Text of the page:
Bacterial Hoof Infection.
 
 

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Bacterial Hoof Infection.

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  • Copper toxinfor horses with bad hoofs
  • Bacterial in the hoof

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    09-14-2011, 05:34 AM
  #1
Green Broke
Bacterial Hoof Infection.

Recently, I noticed something odd was going on with Chinga's two front hooves, so I decided I'd push my farrier appointment a few weeks earlier and scratch from my competition that weekend. I felt it was better to be safe than sorry.

He came out and quickly agreed that something was wrong. He did some investigating and he discovered that Chinga had a Bacterial Hoof Infection. Due to all the wet weather and rain we have had here - even though we've been taking steps to prevent this - oiling them every day + cleaning them twice a day.

The infection is quite bad, but its not infection him in a way where it is negatively affecting him to be worked - I've been assured of this and done my own research to confirm it. Though if it does become any worse, I'll be looking at having him out of work for 6-12 months. Though being able to ride him is really my last concern - first being his own safety and health. If riding him was risking making things worse in any way I would stop.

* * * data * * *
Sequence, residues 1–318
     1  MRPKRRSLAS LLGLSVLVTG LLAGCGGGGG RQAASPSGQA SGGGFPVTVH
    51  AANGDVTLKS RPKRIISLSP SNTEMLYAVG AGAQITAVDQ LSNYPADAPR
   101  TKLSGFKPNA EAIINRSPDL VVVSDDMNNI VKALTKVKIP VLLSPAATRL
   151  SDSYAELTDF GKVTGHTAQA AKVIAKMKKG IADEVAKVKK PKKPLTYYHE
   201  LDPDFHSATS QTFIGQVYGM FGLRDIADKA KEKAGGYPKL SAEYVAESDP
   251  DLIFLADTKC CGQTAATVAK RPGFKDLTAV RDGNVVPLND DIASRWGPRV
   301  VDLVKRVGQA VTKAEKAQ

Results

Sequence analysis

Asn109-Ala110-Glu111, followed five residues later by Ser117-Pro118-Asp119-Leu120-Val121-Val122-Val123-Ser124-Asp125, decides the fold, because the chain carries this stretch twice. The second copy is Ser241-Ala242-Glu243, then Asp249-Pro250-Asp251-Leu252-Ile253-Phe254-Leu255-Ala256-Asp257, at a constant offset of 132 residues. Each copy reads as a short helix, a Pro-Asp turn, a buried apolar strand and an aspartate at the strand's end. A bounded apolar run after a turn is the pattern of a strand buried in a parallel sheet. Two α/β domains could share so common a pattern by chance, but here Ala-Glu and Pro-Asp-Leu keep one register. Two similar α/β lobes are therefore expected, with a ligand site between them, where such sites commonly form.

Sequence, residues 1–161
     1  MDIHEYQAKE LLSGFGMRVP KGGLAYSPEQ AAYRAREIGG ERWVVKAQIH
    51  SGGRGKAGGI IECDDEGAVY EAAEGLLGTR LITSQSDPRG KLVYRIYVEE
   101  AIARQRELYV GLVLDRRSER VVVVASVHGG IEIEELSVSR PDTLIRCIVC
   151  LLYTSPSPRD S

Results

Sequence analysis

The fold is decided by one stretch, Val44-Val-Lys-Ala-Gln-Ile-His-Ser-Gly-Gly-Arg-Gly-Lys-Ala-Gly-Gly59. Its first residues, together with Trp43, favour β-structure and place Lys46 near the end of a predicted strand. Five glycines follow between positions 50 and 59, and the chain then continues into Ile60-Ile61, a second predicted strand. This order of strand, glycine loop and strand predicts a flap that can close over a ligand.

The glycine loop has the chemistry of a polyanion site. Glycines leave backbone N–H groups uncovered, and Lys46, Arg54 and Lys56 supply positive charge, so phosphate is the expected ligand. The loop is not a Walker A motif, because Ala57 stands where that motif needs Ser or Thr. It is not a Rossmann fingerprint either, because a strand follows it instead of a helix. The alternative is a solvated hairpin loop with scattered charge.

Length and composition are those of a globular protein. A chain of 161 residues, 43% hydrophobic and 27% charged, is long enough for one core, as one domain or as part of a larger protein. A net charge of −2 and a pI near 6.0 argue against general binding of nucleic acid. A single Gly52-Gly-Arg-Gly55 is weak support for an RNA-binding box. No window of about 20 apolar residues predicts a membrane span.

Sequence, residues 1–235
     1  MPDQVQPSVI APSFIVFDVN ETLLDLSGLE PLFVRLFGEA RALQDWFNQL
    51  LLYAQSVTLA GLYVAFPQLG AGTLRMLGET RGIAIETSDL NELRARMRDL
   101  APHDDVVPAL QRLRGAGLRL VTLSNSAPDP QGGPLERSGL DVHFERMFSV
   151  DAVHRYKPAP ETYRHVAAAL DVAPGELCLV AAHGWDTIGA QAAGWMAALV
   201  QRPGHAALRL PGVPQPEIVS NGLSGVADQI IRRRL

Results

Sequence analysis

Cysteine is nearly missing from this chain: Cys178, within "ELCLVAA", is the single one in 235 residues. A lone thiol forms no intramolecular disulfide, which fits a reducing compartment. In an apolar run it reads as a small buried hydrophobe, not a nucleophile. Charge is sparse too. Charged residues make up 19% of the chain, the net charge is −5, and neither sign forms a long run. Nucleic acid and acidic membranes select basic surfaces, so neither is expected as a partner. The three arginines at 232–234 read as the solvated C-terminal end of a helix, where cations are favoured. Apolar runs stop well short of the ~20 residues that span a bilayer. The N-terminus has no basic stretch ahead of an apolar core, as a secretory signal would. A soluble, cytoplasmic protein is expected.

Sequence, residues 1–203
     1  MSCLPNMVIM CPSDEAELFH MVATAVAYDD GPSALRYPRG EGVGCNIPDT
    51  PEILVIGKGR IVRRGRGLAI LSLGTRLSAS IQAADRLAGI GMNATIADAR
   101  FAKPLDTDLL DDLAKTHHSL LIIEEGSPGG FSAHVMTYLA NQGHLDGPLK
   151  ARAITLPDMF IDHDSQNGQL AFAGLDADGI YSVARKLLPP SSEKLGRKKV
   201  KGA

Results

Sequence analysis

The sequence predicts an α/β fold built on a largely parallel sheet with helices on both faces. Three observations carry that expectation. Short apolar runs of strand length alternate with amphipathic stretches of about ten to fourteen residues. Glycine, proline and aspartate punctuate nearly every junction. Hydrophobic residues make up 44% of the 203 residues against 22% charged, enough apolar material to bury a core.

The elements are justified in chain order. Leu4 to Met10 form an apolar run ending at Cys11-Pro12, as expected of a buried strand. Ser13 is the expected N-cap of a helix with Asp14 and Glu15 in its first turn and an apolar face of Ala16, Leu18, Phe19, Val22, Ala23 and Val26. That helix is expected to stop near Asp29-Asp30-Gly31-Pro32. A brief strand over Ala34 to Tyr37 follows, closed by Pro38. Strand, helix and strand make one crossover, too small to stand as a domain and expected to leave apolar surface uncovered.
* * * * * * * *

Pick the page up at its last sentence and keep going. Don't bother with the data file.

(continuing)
Now, we're trying to clear up the infection - by using a Copper Sulphate & Vaseline mix. The Vaseline is being used only to deliver the Copper Sulphate which kills any bacteria, we're doing this every second day - recommended as the best treatment by two farriers. Plus the farrier cut out a small part of the hoof to where the infection is, so that the Copper Sulphate has access to the infection.

So basically, the infection has three months to heal. Otherwise - we look at giving him six to twelve months off work - put him in spell. Than, if this doesn't work we look at retiring him as a pasture horse for the rest of his like. Due to what would have to be done to clear up the infection, would make him unable to be ridden.